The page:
The hero brands in any category are the ones who consistently innovate – think Burberry, Nordstrom, Nike, Amazon. You might think it’s impossible to emulate them or even beat them but it’s not.
If you’re going to make omnichannel innovation happen fast, your R&D needs to be 3 things:
3. Under the corporate radar – at least until you come up with something that works
Retail execs are forced into short-term focus by the demands of their job. Pragmatism is good – for today – but it’s tomorrow where you and your brand are really going to be judged. The retail execs who are going to be setting the pace in the next 3-5 years are the ones who find a way to marshall whatever resources they have to do meaningful R&D work. The key is speed.
Free your mind
I’ve been working in e-commerce for about 5 years. Prior to that if you were in digital you’d be working with the brand people. The focus was on creating buzz around new products and building long-term brand preference. You weren’t in retail as such and didn’t feel the pressures of the front line.
Now I work primarily with the retail teams and the dynamic is very different. There’s the need to demonstrate results monthly, weekly – sometimes daily. In addition, there’s an explosion in different channels you need to promote or sell through and this is all usually being managed via an expensive and complicated trading platform. It’s no wonder most of the retail execs you meet have been forced into being extremely pragmatic about what can and can’t be done. Amongst all this – somehow – you need to find the space to get away from the coalface and think about where you’re going next.
Time & budget to think & do
R&D shouldn’t be expensive – you will sometimes fail and failure should be cheap – but it does need to be fast and it does need to be constant.
As a rule of thumb, £10k is probably the minimum you need to find to do something useful. It won’t get you much but it’s a start and above all, you need to make a start. You can get more value than you might think out of getting a consultant to facilitate some workshops. At the very least a vision of what you need to do should begin to emerge.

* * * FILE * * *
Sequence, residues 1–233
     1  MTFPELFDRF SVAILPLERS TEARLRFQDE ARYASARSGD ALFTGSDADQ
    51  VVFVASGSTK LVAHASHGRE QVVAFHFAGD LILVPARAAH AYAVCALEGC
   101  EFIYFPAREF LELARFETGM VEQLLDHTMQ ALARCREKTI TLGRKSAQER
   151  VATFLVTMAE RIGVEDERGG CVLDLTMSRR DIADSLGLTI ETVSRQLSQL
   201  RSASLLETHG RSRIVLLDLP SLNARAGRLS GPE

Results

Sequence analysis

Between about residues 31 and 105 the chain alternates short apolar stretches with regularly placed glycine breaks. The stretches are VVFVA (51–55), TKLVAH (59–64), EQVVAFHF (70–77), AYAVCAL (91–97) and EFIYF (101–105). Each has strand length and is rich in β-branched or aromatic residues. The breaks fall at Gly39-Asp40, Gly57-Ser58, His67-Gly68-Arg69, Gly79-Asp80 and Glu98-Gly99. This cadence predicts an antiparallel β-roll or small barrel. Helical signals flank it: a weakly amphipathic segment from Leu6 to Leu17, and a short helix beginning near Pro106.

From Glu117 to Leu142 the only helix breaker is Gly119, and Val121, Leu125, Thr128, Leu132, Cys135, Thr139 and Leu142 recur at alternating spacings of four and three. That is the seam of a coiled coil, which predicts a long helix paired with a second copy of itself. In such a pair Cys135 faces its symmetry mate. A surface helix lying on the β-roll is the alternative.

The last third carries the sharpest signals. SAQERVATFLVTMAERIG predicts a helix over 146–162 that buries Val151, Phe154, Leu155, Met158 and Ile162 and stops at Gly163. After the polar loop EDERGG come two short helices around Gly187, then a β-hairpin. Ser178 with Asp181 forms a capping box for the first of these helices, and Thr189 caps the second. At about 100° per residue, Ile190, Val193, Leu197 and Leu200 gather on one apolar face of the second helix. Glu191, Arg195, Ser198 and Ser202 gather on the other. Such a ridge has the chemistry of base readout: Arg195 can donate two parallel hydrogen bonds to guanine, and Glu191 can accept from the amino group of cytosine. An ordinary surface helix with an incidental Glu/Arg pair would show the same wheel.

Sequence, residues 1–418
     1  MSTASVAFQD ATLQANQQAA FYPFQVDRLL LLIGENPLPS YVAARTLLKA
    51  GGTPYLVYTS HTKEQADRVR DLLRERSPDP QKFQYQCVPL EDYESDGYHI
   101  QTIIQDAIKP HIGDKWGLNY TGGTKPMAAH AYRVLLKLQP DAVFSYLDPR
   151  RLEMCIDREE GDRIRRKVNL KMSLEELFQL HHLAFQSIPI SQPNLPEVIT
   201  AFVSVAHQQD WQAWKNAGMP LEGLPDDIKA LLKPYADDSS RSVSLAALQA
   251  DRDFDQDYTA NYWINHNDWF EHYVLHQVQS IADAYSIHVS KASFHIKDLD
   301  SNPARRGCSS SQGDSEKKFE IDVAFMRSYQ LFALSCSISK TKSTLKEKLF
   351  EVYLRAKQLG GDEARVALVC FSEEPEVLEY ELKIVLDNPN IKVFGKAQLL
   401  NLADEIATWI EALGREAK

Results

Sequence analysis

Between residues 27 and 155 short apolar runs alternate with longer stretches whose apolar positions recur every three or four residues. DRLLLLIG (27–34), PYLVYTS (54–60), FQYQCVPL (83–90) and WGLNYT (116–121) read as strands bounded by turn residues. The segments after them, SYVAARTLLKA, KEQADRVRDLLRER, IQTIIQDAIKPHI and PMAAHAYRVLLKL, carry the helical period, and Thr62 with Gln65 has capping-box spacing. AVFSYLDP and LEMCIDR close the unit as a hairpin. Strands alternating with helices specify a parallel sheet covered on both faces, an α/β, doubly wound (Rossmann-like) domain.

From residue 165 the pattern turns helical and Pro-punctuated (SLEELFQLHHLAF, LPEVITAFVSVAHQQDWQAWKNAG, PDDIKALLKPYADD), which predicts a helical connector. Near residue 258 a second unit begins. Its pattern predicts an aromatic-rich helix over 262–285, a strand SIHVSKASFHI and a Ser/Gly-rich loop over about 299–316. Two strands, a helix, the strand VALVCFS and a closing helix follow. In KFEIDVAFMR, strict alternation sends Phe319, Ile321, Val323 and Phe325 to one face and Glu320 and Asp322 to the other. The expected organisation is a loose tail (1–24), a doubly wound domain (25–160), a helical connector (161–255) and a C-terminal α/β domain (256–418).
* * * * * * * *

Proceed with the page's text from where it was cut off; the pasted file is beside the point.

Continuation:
£25k – 50K can allow you to do some meaningful innovation BUT you need to use it in the right way.
Ask the difficult questions
These are the kind of difficult questions you’re probably asking yourself (or if you’re not, you should be):
– What does mobile really mean for my brand?
– What’s the future of in-store?
– What technology do I put my next big investment into to make all this happen?
– How do I get my company to genuinely think omnichannel rather than just talking about it?
Retail execs regularly tell us that the single biggest constraint to innovation (aside from time) is their trading platform. But this is putting the cart before the horse – going to your platform vendor or integrator is not the way to answer the difficult questions listed above for two reasons. Firstly, they are experts at building functionality, not deciding what’s going to work for your customers. You need to go to them with something they can quote around. Secondly, you probably want to be doing experimentation free of the current constraints of your platforms.
Tools & techniques
Most successful innovation projects go through 4 stages: research to identify real customer needs, visioning to develop a distinct brand response, prototyping to develop a solution and testing to prove it works. These are the skills you need to either develop in-house or buy externally to run your R&D projects.
1. Expertly facilitated workshops
R&D workshops should be different from a normal, sane working environment. They should be run to shake ideas up and break the participants out of everyday ‘common-sense’ thinking. Common-sense gets things done but it never produces disruption.
2. Guerrilla user-research & testing
Understanding what your customers want and how they relate to technology is a moving target. R&D research needs to be fast and incisive.
The whole point of prototype is to test out and refine an ideas. Techniques have evolved – mostly out of software development – that not only accelerate the development of prototypes but also allow them to be quickly revised if they’re not working. Retail is a fast-moving discipline and budgets are usually tight so this is critical.
4. Fast creative visualisation
The best prototypes are often like film sets – they may be held together with wire and glue under the surface but they look credible. Retail is about creating desire and brand preference so a certain level of gloss can be necessary to get a meaningful reaction from either a test audience or internal stakeholders.
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